Reconceiving egg freezing: insights from an analysis of 5 years of data from a UK clinic

Reprod Biomed Online. 2019 Feb;38(2):272-282. doi: 10.1016/j.rbmo.2018.11.003. Epub 2018 Dec 11.


Research question: What can we learn from 5 years of egg-freezing practice in the UK? What are the different categories of egg freezing, and what are the social and demographic characteristics of patients, and their decisions regarding subsequent storage or thawing?

Design: A retrospective analysis of clinical and laboratory data of all 514 cycles of 'own' egg freezing conducted at the London Women's Clinic in the 5-year period from the start of 2012 to the end of 2016.

Results: This analysis, the first of its kind, develops a clearer picture of egg-freezing trends in the UK and fills in the details behind the Human Fertilisation and Embryology Authority's national figures. Four different categories of egg freezing are identified and the appropriate category allocated to each of the 514 cycles undertaken by 352 patients. To the established categories of 'medical' and 'social' already discussed in the literature, we add the two new categories of 'clinical' and 'incidental' egg freezing. We show how each of these categories presents a distinct egg-freezing patient profile, and discuss the similarities and differences between them across variables such as age, relationship status, number of eggs frozen, number of egg-freezing cycles undertaken, and the current status of frozen eggs.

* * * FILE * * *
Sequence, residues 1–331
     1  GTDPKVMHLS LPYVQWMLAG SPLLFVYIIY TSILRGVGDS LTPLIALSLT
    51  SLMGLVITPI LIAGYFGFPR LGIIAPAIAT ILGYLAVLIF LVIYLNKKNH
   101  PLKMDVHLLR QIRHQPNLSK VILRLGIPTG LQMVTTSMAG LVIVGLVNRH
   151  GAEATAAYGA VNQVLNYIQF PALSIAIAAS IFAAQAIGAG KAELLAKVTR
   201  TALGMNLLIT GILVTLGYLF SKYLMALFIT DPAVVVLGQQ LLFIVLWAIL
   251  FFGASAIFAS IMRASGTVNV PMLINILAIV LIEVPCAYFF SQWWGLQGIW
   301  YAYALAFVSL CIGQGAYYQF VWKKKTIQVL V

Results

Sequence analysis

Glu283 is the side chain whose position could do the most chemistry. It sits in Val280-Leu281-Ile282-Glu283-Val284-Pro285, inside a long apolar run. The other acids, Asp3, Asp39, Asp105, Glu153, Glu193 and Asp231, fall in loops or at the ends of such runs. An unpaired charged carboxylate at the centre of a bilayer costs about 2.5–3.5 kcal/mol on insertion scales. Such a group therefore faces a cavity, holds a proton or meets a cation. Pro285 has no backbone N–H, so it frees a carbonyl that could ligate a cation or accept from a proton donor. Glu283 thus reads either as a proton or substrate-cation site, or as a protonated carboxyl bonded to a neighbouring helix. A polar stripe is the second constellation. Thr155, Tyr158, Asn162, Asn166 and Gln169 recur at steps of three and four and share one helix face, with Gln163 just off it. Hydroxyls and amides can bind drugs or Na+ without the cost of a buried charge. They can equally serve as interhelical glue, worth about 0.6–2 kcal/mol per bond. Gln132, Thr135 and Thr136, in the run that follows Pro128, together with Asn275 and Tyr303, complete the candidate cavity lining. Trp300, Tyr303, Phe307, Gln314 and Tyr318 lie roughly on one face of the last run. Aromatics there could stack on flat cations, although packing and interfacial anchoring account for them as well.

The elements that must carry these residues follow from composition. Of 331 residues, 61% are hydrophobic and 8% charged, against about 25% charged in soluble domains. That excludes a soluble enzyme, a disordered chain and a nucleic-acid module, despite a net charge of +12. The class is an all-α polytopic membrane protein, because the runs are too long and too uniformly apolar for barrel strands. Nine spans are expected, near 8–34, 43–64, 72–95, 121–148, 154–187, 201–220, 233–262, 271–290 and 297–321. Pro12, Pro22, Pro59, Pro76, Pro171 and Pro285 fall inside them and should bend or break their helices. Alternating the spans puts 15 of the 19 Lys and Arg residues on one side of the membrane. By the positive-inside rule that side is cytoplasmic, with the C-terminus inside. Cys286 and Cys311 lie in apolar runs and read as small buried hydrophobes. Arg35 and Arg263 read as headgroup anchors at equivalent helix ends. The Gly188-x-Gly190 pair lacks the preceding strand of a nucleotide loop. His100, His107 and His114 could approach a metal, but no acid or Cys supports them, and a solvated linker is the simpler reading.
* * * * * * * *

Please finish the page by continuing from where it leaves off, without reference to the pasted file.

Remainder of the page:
Conclusions: The data require a reconceptualization of the phenomenon of egg freezing, and argue for the importance of clearly and accurately differentiating between different categories of egg-freezing practice in clinical and national data collection in order to adequately inform future practice, regulation and the decision-making processes of patients considering these procedures.

Keywords: Egg freezing; Ethics; Fertility preservation; Oocyte cryopreservation; Regulation; Sociology of assisted reproduction.

MeSH terms

  • Cryopreservation*
  • Female
  • Fertility Preservation / methods*
  • Humans
  • Oocytes*
  • Reproductive Techniques, Assisted*
  • United Kingdom